Dick Kettelkamp prepared a beef tenderloin while his wife, Nikki Kettelkamp, 13-year-old son, Liam, and 9-year-old daughters, Elsa and Evi, prepared appetizers for them and their Sunday dinner guests. It wasn’t all that out of the ordinary for a Sunday dinner — except they didn’t know who their guests would be.
On July 17, the Kettelkamp’s were one of eight hosts at what their parish, All Saints Catholic Church in Cedar Rapids, calls “Guess Who’s Coming to Dinner.” The program is put on twice a year by the church’s parish life committee and is meant to build a sense of community among parishioners by having neither the hosts nor the guests know who is attending the dinner.
“It gets everyone out of their comfort zone to meet new people,” said Sharon Kennedy, member of the parish life committee at All Saints Catholic Church, 720 29th St. SE in Cedar Rapids.
The Kettelkamp’s were serving as a host for the third time at their house in Marion, Nikki Kettelkamp said. The nine guests, ranging from a 7-year-old to 94-year-old, began arriving just after 5 p.m. with a side dish for the meal. The parish life committee told guests what main meal the hosts planned to prepare.
“That way they don’t end up with spaghetti and mashed potatoes,” Kennedy said.
Kathleen Todd was the first guest to arrive at the Kettelkamp’s home. She brought along her daughter, Tricia Wittmann-Todd, and son-in-law, Steve Wittman-Todd, who were visiting from Seattle — Tricia had grown up an All Saints parishioner.
Kathleen Todd, who’s been an All Saints parishioner for more than 50 years, said the church has tried to do more activities like “Guess Who’s Coming to Dinner” in recent years. It would be easy to just mingle with people her age, but this program — which she’s participated in since it started in 2014 — has been a great way to meet young people and see where people live, she said.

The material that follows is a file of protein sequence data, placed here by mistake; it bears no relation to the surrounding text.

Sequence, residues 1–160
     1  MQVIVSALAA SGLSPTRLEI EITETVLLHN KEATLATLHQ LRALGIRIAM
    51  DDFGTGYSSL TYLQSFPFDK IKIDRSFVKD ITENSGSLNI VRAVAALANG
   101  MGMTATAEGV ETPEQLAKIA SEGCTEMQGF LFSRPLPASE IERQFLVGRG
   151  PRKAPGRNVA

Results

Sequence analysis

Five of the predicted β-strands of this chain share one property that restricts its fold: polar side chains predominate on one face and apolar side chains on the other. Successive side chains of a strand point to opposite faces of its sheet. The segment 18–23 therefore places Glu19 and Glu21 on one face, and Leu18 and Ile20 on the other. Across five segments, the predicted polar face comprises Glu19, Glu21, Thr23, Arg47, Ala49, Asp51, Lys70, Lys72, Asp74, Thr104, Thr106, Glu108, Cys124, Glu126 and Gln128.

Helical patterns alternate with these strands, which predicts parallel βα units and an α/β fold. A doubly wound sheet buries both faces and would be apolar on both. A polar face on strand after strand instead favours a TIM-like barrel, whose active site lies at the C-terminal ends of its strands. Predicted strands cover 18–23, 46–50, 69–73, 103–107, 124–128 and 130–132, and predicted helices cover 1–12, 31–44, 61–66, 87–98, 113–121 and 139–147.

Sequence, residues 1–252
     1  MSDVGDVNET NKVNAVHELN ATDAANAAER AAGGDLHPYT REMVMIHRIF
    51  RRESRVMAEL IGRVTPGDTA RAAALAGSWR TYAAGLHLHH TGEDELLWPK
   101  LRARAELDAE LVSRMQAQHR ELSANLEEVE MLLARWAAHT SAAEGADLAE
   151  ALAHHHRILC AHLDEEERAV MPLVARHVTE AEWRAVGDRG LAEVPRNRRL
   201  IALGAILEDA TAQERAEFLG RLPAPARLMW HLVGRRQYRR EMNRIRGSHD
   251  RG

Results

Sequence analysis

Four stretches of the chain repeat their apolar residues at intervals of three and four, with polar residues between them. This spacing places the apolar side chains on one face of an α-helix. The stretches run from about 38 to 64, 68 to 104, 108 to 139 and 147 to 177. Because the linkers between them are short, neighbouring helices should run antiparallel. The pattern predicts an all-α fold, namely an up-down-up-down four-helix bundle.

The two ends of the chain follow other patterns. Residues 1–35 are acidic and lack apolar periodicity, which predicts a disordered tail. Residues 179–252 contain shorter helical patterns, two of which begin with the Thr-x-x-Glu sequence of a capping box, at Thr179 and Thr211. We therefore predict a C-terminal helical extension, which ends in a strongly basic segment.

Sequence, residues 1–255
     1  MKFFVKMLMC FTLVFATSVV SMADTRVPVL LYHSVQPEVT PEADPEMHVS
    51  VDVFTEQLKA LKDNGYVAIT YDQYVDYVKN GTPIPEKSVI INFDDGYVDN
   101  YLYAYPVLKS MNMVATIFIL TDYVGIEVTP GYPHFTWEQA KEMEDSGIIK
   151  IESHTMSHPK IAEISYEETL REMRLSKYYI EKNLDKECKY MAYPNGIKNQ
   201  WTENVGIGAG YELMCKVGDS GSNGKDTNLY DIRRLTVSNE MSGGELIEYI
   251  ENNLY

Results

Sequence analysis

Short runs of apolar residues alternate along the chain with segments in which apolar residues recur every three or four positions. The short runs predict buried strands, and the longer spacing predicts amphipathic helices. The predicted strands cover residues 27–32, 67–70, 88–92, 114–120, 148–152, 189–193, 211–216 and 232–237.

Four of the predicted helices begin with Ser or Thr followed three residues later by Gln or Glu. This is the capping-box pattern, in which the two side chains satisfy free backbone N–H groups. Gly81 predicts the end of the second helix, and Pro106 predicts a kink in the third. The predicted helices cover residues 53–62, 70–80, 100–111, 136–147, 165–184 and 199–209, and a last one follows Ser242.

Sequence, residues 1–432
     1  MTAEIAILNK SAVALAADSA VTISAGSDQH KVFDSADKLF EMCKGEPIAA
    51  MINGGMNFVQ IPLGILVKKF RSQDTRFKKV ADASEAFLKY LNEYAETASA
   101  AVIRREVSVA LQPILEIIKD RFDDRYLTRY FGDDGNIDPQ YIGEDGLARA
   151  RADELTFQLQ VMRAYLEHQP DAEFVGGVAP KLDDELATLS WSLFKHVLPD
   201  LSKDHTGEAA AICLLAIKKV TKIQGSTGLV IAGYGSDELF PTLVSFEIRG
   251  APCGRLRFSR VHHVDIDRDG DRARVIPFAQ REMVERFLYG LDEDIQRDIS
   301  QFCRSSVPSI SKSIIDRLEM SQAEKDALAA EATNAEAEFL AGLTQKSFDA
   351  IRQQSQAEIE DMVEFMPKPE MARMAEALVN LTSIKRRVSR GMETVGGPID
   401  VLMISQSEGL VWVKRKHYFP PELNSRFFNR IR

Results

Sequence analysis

As the pastoral associate at her parish in Seattle, Tricia Wittmann-Todd wanted to see if “Guess Who’s Coming to Dinner” could be taken back to her parish.
“There’s not an agenda — you just come and hang out,” Tricia Wittmann-Todd said. “Anyone could do it.”
Ericka Mushrush and her husband, Casey Mushrush, were the next guests to arrive. They’d also been attending since the program started.
“We’ve never had the same people,” Ericka Mushrush said. “You always meet new faces.”
She recalled one dinner where the priest was the host and they found out he really loves cooking.
“You wouldn’t expect it,” she laughed.
Other guests were Bill and Mary Lou McCartan and their 7-year-old daughter Maggie along with Jeanne and Matt Brandes. Once everyone arrived, the adults all mingled, with a glass of wine or beer in hand, chatting about anything from where they to live, to sports, to their jobs.
Laughter and the spice aroma from the beef tenderloin sizzling in the oven filled the air. The three girls walked around with napkins and an appetizer plate, asking the adults if they’d like an appetizer. Eventually the group went to the dining room and prayed before enjoying their meal together.
While the concept was suitable for parishioners to get to know each other since they may only see other in the pews at church, it’s transferable to any group that may be looking to build a sense of community.
“It doesn’t have to be a church — other organizations or companies could do it,” Nikki said.
Plus, it’s a good time.
“It’s fun from time you open door to the time you finish the meal,” Kennedy said.